Princeton appointment for Professor

Published: 2/05/2018

Professor Kollontai joins ‘Religion and Violence’ team as International Resident Scholar at the Centre for Theological Inquiry at Princeton University.

Princeton University, home of the Centre for Theological Inquiry

Pauline Kollontai, York St John University Professor of Higher Education in Theology and Religious Studies, has been selected to be one of the International Resident Scholars at the Centre for Theological Inquiry (CTI), Princeton USA. Professor Kollontai, who is also Director of the Centre for Religion in Society at York St John, will be a member of the CTI’s Resident Research Interdisciplinary Seminar Programme Team on  ‘Religion and Violence’  from January – May 2019, and will subsequently be given permanent membership status of CTI.

The issues of religion, violence and peace form the focus of much of Professor Kollontai’s research. Pauline says that her qualifications in Peace Studies and Theology and Religious Studies provide an essential inter-disciplinary framework for her research, stating; “The relationship between religion, violence and peace is a complex and contested one and I believe that interdisciplinary engagement is essential.” Pauline believes that working as part of an interdisciplinary team will enhance her work through an active and dialogical exchange of ideas. Pauline’s research project will focus on minority rights in contemporary Israel through a critique of the praxis of the Jewish values of Ve’ahabhath le-Re’akha (love of neighbour) and Va’ahavtem et ha-Ger (love of stranger), which she plans to publish as a single-authored book. Pauline says her time will be utilised for further research, reading, writing and interacting with Princeton scholars from Theology, Religion, Humanities and Social Sciences.

Professor Kollontai sees this opportunity as having a number of benefits for her research and also for York St John University and its students; “There will be immense value and stimulation brought to my research because of working ‘face-to-face’ with scholars from other disciplines, rather than being mainly dependent on reading their research through academic publications.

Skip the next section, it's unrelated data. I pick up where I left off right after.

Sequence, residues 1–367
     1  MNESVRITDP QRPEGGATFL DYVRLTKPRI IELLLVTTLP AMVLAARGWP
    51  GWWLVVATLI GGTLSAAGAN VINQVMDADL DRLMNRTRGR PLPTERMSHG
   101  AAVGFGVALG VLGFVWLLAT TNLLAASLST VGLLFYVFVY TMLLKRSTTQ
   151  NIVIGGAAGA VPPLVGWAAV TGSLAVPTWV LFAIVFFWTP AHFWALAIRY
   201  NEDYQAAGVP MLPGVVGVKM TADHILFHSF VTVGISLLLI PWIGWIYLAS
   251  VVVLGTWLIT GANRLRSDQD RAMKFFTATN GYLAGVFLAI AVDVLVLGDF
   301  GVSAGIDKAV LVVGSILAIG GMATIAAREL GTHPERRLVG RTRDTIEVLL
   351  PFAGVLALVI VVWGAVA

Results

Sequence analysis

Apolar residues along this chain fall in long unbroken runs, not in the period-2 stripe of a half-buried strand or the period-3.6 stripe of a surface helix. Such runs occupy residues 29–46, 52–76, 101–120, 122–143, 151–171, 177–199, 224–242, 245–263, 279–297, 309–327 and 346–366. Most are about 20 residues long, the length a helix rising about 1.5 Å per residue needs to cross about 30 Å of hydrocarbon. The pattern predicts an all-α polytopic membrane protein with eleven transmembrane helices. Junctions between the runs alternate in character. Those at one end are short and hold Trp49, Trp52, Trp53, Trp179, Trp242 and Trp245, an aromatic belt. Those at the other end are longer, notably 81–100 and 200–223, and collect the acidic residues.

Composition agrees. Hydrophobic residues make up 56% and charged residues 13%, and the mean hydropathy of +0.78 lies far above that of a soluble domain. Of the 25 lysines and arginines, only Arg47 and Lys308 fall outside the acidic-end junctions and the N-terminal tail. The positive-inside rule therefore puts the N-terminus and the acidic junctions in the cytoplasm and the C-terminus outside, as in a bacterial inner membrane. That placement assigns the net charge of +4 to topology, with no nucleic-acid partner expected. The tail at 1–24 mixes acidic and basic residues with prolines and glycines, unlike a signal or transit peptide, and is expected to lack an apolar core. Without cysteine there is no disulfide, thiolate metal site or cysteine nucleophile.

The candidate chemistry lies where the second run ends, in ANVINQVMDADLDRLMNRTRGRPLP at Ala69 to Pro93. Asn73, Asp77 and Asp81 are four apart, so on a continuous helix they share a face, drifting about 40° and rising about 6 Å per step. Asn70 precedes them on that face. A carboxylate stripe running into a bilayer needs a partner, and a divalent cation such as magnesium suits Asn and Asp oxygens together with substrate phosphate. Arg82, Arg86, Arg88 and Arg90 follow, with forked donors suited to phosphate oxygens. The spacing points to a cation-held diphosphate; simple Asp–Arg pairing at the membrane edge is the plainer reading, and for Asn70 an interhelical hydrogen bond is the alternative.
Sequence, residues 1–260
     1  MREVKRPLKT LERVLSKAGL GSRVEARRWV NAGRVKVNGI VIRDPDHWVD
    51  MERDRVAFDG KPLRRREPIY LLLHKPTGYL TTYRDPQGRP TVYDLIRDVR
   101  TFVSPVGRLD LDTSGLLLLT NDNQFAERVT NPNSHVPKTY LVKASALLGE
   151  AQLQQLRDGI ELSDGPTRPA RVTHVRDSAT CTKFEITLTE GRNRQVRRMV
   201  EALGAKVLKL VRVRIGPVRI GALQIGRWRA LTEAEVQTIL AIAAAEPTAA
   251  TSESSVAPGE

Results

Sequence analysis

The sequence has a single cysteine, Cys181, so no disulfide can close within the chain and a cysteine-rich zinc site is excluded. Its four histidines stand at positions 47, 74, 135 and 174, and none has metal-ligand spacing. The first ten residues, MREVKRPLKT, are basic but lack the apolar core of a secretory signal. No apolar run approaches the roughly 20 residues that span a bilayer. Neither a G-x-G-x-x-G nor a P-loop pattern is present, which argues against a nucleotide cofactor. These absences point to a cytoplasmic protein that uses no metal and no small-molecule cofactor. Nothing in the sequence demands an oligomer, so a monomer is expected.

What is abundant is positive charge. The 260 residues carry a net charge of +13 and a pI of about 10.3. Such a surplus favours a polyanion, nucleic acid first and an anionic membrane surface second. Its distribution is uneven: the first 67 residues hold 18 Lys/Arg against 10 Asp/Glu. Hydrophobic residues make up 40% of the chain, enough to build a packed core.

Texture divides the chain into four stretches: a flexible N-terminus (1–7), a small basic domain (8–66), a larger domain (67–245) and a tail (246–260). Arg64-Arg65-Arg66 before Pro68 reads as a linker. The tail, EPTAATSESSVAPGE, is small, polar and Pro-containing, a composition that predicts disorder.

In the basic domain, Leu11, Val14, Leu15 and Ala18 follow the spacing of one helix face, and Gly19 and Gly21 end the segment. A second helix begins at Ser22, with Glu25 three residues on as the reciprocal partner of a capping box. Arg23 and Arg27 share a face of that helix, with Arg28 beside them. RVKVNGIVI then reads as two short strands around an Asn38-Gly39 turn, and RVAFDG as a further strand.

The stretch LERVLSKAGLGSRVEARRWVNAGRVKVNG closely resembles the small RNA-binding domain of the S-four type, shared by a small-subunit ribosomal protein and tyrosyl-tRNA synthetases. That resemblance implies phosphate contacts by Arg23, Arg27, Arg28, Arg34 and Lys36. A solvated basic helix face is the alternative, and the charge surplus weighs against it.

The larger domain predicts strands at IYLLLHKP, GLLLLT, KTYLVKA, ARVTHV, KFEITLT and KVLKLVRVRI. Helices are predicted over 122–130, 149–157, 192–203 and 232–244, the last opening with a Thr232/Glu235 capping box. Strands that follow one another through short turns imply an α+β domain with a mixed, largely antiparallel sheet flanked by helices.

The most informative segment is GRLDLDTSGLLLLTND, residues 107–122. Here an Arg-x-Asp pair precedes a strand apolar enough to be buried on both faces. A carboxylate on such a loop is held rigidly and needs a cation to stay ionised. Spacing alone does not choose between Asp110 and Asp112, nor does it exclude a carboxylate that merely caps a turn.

“I also see that my time at CTI will facilitate working with new networks within the USA and across the world on research activities and on promoting partnerships between institutions in teaching and learning through staff and student exchanges and programme developments.”

It also provides opportunities to learn from other international scholars about how their research feeds into their teaching and learning in terms of content and in promoting and enhancing research skills and methods. Pauline believes that having the opportunity to have a sustained period of time doing cutting-edge research in the environment which CTI provides will also contribute to enhancing the teaching and learning experience of York St John students as they continue to be given fresh thinking which is intellectually challenging and continues to evolve.

On a personal level Pauline highlights that external opportunities like this are really important for academics in confirming that their work is valued and can be taken much further. She says, “Being accepted as a resident scholar at CTI has definitely confirmed that my research is valued, it has a purpose, and my own personal sense of worth has gone up by degrees!”

Further information about the CTI’s work can be found here.

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